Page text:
The historical church has consistently understood Luke's gospel to affirm the marginalised, including women. Recentfeminist critical methods, such as gender deconstruction, cause us to rethink this. The possibility must be consideredthat underlying a seemingly innocent text are hidden social codes, which may not be so positive towards the feminine.Has a hidden patriarchal agenda been encoded into this text? While acknowledging some of the claims made by criticalfeminist authors, this essay looks at the text in a different light. Analysis of the key gynocentric text ' the infancynarrative ' provides a model based upon the author's treatment of Elizabeth. Particular attention is also payed to thesocial context of meals, and table-service. This essay will survey the gospel of Luke, and literature surrounding it, tocritically evaluate the place that the narrative gives to women. Appropriately to the subject, it focuses on thosepericopes that are gendered feminine, particularly the uniquely gynocentric infancy and table narratives. With regardsto scholarly literature, I engage feminist biblical scholars, and yet still come from my conspicuously male viewpoint. It ishoped that this perspective will be a valuable one, seeing the text in question is (supposedly) written by a male author. Ialso hold a confident belief in the value and equality of women. A further peculiarity of my perspective is religious:coming from a Reformed-Evangelical viewpoint with certain doctrinal presuppositions about the inspiration and unityof scripture. The implication of this will becomes clear later on.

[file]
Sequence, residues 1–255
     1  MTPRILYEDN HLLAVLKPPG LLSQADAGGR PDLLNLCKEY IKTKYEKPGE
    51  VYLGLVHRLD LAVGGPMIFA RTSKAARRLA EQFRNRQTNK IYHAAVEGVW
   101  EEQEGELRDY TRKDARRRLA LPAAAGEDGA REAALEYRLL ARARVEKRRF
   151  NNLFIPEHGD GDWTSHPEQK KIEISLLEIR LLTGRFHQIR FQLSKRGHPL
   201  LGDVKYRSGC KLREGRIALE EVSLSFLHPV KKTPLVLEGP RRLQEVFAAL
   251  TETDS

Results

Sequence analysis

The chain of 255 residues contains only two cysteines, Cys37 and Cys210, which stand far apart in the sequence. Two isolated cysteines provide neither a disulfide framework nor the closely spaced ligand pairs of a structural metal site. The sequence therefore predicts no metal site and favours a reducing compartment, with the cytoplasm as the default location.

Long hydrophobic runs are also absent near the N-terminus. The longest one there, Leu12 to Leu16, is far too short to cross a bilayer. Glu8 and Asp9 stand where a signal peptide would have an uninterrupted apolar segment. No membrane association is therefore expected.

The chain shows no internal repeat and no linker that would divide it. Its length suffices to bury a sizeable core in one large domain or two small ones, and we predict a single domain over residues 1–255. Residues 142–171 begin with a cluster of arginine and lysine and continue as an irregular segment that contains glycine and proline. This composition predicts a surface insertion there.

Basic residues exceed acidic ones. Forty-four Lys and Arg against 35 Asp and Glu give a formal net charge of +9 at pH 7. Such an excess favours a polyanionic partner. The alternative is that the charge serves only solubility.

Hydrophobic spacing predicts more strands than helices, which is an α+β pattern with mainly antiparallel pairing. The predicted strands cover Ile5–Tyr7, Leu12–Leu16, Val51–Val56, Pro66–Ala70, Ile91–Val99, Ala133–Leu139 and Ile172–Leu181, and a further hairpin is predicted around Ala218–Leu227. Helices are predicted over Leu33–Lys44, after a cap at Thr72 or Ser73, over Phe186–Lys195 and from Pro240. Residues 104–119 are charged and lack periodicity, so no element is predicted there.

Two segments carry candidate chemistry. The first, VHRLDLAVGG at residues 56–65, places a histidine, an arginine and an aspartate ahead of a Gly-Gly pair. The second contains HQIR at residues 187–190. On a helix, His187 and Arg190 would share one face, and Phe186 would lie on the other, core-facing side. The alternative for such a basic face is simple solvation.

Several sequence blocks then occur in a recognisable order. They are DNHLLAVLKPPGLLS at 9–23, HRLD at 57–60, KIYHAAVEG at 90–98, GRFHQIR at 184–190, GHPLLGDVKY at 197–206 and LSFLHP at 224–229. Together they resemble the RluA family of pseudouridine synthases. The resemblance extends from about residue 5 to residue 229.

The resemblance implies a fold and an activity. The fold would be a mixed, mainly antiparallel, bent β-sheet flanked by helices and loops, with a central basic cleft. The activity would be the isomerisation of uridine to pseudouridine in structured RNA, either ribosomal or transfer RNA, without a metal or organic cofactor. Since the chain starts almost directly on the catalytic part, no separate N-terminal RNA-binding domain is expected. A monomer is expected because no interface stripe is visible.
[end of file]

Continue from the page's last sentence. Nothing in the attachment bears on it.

|Number of pages||11|
|Journal||Australian E-Journal of Theology|
|Publication status||Published - 2005|